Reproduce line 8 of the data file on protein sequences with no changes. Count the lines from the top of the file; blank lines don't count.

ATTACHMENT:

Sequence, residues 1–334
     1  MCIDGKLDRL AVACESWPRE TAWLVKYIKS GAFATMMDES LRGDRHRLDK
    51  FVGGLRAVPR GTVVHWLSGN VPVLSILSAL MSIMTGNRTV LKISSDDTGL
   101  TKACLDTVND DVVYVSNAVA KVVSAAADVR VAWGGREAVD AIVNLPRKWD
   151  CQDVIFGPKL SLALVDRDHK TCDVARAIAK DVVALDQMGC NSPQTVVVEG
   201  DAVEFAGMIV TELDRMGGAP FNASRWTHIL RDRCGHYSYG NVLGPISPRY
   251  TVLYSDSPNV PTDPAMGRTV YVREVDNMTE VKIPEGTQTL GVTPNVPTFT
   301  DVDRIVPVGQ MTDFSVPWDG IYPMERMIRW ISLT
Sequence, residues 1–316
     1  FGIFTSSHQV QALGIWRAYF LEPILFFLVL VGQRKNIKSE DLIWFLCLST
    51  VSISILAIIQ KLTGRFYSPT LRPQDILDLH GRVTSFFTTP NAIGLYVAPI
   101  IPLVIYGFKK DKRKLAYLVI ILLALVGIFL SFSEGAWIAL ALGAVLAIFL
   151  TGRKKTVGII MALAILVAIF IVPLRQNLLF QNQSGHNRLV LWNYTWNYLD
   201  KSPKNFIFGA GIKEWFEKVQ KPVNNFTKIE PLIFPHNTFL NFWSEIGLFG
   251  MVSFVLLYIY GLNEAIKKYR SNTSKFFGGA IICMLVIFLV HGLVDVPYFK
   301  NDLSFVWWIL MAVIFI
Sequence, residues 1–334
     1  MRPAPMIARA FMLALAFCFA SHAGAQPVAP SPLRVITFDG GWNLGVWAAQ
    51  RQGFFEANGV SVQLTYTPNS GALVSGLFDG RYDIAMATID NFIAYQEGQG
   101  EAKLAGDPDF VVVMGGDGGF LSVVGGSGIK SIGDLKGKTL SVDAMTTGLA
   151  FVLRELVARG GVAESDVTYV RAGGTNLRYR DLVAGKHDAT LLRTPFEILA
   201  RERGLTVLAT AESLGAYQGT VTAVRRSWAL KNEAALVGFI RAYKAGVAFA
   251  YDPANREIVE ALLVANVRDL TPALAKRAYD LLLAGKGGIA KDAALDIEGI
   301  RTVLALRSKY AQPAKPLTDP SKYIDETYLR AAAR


   301  DVDRIVPVGQ MTDFSVPWDG IYPMERMIRW ISLT